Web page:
Google defends Android openness, but the case isn't closed

JasonAnkeny

A mobile operating system is like a door--either it's open or it's closed. Seems simple, but still the debate over Android's openness continues to rage on. Google's (NASDAQ:GOOG) stance on the subject is clear: Android remains as open as ever. Last week, Google vice president of engineering Andy Rubin publicly refuted rumors that the company is taking steps to assume greater control over the Android ecosystem, stating it remains "committed to fostering the development of an open platform for the mobile industry and beyond." Following a recent Bloomberg Businessweek report indicating operators and manufacturers must now seek Google's approval for all significant Android user interface tweaks, Rubin turned to the Android Developers Blog to clarify the state of the Android nation. "We don't believe in a 'one size fits all' solution," he writes. "As always, device makers are free to modify Android to customize any range of features for Android devices. This enables device makers to support the unique and differentiating functionality of their products."

In the event an Android partner wishes to market a device as Android-compatible or include Google-branded applications, Google does require that the hardware conform with its basic compatibility requirements. Rubin adds that this "anti-fragmentation" program has been in place since the 2008 release of Android 1.0. "Our approach remains unchanged: There are no lock-downs or restrictions against customizing UIs," Rubin states. "There are not, and never have been, any efforts to standardize the platform on any single chipset architecture."

Rubin also defended Google's decision to temporarily halt open access to the new Android 3.0, a.k.a. "Honeycomb'"--according to Google, the platform update (optimized for larger form-factor devices like tablets) is not yet ready for customization across a variety of products. "We continue to be an open source platform and will continue releasing source code when it is ready," Rubin vows. "As I write this the Android team is still hard at work to bring all the new Honeycomb features to phones. As soon as this work is completed, we'll publish the code. This temporary delay does not represent a change in strategy. We remain firmly committed to providing Android as an open source platform across many device types."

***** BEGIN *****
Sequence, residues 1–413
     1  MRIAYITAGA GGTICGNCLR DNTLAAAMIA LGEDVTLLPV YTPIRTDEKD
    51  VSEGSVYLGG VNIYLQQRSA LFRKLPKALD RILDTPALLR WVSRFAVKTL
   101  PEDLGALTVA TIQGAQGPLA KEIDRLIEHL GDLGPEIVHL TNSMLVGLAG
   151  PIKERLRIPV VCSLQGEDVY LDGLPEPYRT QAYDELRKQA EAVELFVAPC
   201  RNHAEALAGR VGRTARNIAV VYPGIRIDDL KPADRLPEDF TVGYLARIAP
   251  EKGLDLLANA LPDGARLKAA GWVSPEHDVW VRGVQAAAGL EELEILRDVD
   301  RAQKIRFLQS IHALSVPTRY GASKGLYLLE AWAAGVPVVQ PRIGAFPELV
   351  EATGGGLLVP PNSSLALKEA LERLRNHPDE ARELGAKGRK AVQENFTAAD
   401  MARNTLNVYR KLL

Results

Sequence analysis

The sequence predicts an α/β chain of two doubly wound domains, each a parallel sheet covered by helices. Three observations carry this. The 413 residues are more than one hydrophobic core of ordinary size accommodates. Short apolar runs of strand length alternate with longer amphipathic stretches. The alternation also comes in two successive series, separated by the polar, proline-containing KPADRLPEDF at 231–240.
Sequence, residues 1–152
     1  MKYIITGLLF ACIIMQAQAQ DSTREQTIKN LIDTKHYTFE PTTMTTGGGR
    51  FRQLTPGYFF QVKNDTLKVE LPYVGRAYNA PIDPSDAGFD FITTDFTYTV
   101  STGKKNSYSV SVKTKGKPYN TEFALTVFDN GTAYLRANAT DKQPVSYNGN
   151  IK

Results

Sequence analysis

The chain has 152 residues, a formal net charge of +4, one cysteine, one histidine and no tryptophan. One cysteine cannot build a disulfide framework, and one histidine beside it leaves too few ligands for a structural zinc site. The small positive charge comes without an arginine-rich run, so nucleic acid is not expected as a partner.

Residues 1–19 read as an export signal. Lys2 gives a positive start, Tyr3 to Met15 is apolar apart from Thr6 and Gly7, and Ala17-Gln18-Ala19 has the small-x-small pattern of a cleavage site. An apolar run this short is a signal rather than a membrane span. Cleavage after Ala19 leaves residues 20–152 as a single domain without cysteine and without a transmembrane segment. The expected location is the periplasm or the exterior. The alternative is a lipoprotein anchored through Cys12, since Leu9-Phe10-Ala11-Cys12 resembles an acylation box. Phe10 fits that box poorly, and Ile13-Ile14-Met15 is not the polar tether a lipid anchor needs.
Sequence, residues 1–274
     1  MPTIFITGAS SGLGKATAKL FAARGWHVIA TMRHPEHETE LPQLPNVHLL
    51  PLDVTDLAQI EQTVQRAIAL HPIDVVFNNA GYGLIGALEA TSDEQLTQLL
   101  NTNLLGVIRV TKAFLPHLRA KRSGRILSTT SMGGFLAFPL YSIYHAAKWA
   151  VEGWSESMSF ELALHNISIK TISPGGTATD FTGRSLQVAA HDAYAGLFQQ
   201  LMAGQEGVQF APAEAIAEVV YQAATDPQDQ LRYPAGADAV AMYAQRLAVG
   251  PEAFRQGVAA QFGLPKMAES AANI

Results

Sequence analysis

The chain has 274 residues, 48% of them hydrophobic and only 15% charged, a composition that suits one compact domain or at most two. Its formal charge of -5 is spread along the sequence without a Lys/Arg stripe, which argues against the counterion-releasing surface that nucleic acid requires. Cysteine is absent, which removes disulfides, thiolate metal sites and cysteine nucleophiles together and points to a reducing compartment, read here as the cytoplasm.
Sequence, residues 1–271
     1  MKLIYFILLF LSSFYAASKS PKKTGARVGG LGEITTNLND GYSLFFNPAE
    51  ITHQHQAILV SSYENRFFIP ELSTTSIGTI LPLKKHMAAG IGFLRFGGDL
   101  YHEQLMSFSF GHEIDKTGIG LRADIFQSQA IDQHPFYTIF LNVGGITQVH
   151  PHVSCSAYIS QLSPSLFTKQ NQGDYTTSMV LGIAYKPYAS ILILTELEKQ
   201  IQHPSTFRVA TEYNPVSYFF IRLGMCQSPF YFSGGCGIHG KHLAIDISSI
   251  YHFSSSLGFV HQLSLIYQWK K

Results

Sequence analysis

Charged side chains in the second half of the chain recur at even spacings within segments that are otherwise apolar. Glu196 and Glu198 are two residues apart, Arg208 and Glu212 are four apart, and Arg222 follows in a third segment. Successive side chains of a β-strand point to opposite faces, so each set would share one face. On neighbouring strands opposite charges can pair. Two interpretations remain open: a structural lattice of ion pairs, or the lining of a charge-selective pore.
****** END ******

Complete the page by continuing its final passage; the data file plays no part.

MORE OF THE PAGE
But Rubin's response fails to address recent reports that Google is actively clamping down on Android customizations that run counter to its own business aspirations--for example, sources told Bloomberg Businessweek that Google has attempted to delay the release of Verizon Wireless (NYSE:VZ) Android devices featuring Microsoft's (NASDAQ:MSFT) Bing search engine. And in September 2010, location positioning, context and intelligence solutions provider Skyhook Wireless sued Google for patent infringement and interfering in its business relationship with Motorola, alleging Google "wielded its control over the Android operating system, as well as other Google mobile applications such as Google Maps, to force device manufacturers to use its technology rather than that of Skyhook, to terminate contractual obligations with Skyhook, and to otherwise force device manufacturers to sacrifice superior end user experience with Skyhook by threatening directly or indirectly to deny timely and equal access to evolving versions of the Android operating system and other Google mobile applications."

Beyond the Skyhook suit, tensions between Google and its Android partners have reportedly increased to the point where some companies have filed complaints with the U.S. Department of Justice. It's unclear whether federal investigators will look into the matter, but it seems obvious that questions about Android's openness aren't going away. Google can't have it both ways: Either Android is open, or it isn't. And if it is, then Google can't act as the doorman deciding who gets past the velvet rope and who doesn't. -Jason

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